Recently I attended two “Wikipedia Edit-a-thons.” The name evoked images of committed scholars and students gathered together to pursue an all-nighter that would generate scores of new articles, hundreds of meaningful edits. What actually transpired was the opportunity to address questions of public history and online scholarly identity.
The public history twitterverse is an ever-livelier place, to the point that the relative absence of public historians (as at this year’s Organization of American Historians conference, held jointly with the National Council on Public History last spring but separately this year) correlates to a sharp decline in social media traffic, as David Austin Walsh reported last week.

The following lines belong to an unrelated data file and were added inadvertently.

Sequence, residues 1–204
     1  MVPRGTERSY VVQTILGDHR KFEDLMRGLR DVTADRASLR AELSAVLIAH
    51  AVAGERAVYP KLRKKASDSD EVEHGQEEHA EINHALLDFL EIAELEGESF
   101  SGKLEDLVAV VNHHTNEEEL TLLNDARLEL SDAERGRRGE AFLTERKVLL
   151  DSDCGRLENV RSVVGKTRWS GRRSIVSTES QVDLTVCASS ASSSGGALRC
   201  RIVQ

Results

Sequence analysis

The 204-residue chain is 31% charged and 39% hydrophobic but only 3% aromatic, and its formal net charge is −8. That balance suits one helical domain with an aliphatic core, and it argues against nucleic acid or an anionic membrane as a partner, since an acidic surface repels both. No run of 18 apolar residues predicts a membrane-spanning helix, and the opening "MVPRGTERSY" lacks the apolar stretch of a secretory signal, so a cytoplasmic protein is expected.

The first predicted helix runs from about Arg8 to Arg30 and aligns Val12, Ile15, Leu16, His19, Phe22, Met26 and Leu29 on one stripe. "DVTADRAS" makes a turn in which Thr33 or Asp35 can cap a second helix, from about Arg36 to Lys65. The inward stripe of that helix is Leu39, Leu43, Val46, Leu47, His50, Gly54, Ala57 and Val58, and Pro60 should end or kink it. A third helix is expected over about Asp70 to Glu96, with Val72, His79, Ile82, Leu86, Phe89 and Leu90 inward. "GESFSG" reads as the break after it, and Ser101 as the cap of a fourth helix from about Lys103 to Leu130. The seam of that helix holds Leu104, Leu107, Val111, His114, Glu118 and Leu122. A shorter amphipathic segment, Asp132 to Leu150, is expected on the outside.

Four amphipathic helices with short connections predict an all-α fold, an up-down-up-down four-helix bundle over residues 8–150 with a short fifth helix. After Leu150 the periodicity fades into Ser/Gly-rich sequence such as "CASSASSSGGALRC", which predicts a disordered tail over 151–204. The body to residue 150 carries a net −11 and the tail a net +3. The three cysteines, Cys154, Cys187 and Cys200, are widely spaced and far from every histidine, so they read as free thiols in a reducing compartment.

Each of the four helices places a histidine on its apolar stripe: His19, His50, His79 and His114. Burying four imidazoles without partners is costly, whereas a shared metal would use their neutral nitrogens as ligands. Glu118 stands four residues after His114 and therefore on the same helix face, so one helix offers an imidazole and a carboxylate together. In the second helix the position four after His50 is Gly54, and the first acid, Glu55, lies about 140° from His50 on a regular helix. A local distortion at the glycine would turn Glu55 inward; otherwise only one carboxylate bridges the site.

For those not following the Twitter feed for #ncph2013, here’s a quick selection of tweeted thoughts from the first day, which featured a number of workshops and working groups and the third THATCamp NCPH. Even from afar, it’s pretty easy to tell that Devon Elliott’s 3D printer was the star of the day! Continue reading
Public history has been at the forefront of democratizing historical knowledge and utilizing nontraditional modes of inquiry—from oral history to personal archives—since its inception. In that time, it—we—have substantially affected the larger practice of history in the academy. But, to vastly oversimplify, the promises and possibilities of the digital have risen as a challenge to all historians to rethink how we disseminate our work and, at the same time, to spur conversations that question and critique the role of technology in the 21st century. Continue reading